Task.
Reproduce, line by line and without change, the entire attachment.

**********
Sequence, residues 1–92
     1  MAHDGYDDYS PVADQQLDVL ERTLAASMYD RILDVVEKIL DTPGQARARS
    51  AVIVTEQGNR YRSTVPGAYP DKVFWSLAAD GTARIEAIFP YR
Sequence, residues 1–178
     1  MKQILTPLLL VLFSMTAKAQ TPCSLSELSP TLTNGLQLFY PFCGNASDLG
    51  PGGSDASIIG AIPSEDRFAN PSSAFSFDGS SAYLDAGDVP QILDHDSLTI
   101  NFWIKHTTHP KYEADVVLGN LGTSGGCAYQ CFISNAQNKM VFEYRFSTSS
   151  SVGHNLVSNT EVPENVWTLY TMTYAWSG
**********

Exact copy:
Sequence, residues 1–92
     1  MAHDGYDDYS PVADQQLDVL ERTLAASMYD RILDVVEKIL DTPGQARARS
    51  AVIVTEQGNR YRSTVPGAYP DKVFWSLAAD GTARIEAIFP YR
Sequence, residues 1–178
     1  MKQILTPLLL VLFSMTAKAQ TPCSLSELSP TLTNGLQLFY PFCGNASDLG
    51  PGGSDASIIG AIPSEDRFAN PSSAFSFDGS SAYLDAGDVP QILDHDSLTI
   101  NFWIKHTTHP KYEADVVLGN LGTSGGCAYQ CFISNAQNKM VFEYRFSTSS
   151  SVGHNLVSNT EVPENVWTLY TMTYAWSG